Incident Vickers Wellesley Mk I K7737, 05 Jul 1937
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ASN Wikibase Occurrence # 207182
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Time:19:00 LT
Type:Vickers Wellesley Mk I
Owner/operator:Vickers-Armstrongs Ltd
Registration: K7737
Fatalities:Fatalities: 0 / Occupants: 1
Other fatalities:0
Aircraft damage: Written off (damaged beyond repair)
Location:New Malden, Surrey -   United Kingdom
Phase: En route
Departure airport:Brooklands, West Byfleet, Weybridge, Surrey
Destination airport:
Confidence Rating: Information is only available from news, social media or unofficial sources
Vickers Wellesley Mk.I K7737: Written off (destroyed) 5/7/37 when abandoned in flight during a test flight by Vickers Chief Test Pilot Jeffrey Quill. He lost control of the aircraft at 10,000 feet and it went into spin, pilot baled out, near Brooklands Aerodrome, West Byfleet, Weybridge, Surrey; aircraft came down in front garden of house in New Malden, Surrey.

According to an article in the Sunday Times, September 17, 2005:

'At 3,000 feet I decided I would have to go'

In 1937, Jeffrey Quill was test-flying a Wellesley bomber when it lurched into an uncontrollable spin. The Wellesley treated everything I did with a scornful disdain and continued solemnly spinning down and down. Somewhere around 3,000 feet I decided I would have to go. I opened the canopy and crouched on the seat, grasping the windscreen...I went over the port side, hit my head on some object unknown — possibly the tail wheel assembly — counted to three and pulled the ripcord.

I was, as it were, falling on my back and the parachute deployed between my legs, spinning me sharply over when it opened. I immediately heard a strange swooshing noise as the Wellesley spun down past me, much too close for comfort!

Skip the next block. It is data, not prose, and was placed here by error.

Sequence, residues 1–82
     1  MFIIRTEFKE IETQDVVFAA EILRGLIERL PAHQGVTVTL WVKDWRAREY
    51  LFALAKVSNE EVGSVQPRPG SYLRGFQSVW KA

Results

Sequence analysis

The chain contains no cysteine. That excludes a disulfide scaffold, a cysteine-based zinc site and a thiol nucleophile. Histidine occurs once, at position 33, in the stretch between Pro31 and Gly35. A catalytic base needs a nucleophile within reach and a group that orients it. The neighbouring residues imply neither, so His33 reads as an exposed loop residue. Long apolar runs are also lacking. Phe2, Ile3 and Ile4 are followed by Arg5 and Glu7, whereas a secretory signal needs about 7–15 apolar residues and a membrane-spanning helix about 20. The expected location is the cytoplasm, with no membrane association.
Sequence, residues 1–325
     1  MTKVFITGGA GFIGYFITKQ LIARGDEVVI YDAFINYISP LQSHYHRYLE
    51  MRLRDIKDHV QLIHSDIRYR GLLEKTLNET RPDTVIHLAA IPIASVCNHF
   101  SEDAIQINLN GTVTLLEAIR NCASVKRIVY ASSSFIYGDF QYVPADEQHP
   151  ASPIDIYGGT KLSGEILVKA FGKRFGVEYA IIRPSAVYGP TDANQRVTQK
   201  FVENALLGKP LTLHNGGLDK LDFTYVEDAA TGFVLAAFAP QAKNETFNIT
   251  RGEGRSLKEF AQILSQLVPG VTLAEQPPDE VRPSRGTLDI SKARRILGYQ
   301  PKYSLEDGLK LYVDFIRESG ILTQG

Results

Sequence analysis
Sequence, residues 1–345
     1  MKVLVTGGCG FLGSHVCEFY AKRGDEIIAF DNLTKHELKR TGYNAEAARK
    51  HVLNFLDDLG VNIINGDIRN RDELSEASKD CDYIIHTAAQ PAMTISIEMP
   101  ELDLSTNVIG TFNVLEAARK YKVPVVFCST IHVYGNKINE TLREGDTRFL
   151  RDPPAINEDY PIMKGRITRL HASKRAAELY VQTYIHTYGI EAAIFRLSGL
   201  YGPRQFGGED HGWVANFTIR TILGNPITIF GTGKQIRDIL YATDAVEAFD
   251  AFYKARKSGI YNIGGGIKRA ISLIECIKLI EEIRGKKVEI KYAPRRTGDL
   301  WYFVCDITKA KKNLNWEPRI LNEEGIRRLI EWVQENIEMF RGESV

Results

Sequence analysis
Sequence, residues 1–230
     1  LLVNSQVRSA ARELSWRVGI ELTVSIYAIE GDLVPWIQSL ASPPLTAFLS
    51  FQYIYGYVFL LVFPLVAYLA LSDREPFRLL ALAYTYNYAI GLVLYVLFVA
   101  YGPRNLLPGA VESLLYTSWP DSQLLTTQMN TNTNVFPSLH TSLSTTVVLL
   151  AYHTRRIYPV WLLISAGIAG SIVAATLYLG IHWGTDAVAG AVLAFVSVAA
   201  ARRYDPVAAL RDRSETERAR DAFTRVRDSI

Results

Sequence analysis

I was able to watch the Wellesley from above as it descended. We were over New Malden and there were built-up areas interspersed with country. It was 7 pm on a fine summer’s evening. I became very anxious about the Wellesley crashing in an urban area and causing loss of life, but I could not tell when it was going to hit.

Then it stopped abruptly and disintegrated. It had hit a house, but thankfully there was no explosion or fire...I descended into the base of a small fir tree, which broke my fall and allowed a comfortable landing. My head and hands were bleeding but I was unhurt.

A small knot of people came running up, having invaded the large and pleasant garden in which I had landed. It was the property of a Major Petrie. His wife, some friends and himself were drinking an evening cocktail when, through the window, they saw a strange band of people running up the drive, heads directed skywards.

They came out in time to see me being helped out of the bottom of the fir tree and disentangled from my parachute. Within a surprisingly short time I had a large glass of whisky in my hand and received the blessed news from the police that no one had been injured in the crash. So I drank the whisky in the Petries’ drawing room, and rang Vickers to put them out of their misery, being now, of course, well overdue.

The lady who lived in the house on which the Wellesley crashed was pregnant. The shock accelerated the birth of a daughter, but no ill effects were suffered by either". Years later, in the mid-1970s, Quill's daughter met the girl who knew that her father had "dropped a big aeroplane on our house"...


1. Royal Air Force Aircraft K1000-K9999 (James J. Halley Air Britain, 1976 page 64)
5. "Spitfire – A Test Pilot's Story" by Jeffrey Quill.

Revision history:

07-Mar-2018 21:49 Dr. John Smith Added
07-Mar-2018 21:52 Dr. John Smith Updated [Narrative]

Corrections or additions? ... Edit this accident description

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